July fourth weekend we visited Pittsburgh, where I loved the Carnegie Museum of Art and the Carnegie Museum of Natural History. I was blown away by the Poisons Exhibit, the preserved flora and fauna. I particularly enjoyed spending time with a Vija Celmins painting of the galaxy, in a little corner of a gallery.
Finally, we just spent a quick weekend in rural CT visiting my family, and a glorious Saturday walking Storm King Art Center in Mountainville NY. I had been there once before, on a class trip as a early highschooler- but it was like nothing I had ever seen before, visiting again with older eyes. My highlight was spending time (again) with Andy Goldsworthy and Maya Lin works.


-Follow my fiancé Tom on his new photo blog @architectureisnotmagic or check out his projects via

-The new podcast from WNYC Studios & the MoMA called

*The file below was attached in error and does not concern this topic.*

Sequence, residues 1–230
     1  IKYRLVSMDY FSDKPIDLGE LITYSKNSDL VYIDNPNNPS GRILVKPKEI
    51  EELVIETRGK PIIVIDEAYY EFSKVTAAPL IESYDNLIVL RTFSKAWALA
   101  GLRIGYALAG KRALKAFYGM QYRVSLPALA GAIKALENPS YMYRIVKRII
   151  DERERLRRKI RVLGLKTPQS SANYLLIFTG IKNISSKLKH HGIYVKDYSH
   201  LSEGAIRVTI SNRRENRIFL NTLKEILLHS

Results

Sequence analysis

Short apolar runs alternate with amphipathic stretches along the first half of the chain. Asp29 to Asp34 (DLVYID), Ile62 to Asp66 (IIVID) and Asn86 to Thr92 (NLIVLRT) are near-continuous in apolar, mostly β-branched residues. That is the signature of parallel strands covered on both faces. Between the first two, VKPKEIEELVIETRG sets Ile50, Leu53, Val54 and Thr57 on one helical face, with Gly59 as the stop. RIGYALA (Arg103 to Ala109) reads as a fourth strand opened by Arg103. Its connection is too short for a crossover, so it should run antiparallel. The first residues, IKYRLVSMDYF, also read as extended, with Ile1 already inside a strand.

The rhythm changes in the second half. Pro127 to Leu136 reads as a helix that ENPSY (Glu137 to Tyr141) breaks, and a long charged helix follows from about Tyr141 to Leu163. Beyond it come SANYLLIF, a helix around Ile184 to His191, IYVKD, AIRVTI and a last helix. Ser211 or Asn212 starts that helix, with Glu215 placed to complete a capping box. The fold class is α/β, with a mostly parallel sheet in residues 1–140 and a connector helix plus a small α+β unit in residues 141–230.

A piece of work: with Abbi Jacobson” is a fun & bite -sized take on artists through history.
I highly recommend it.

-“How to Recycle all the Things”a guide on recycling almost everything

-VGA gallery is set to open it’s first Brick-and-Mortar Gallery on Friday August 11th at 5pm with the show SAVIOR, by cuban artists Josuhe Pagliery & Johann Armenteros. Check them out here. VGA Gallery is Chicago's first permanent public art gallery dedicated to videogames and related new media art.

Thanks for taking the time to read. See you again in August.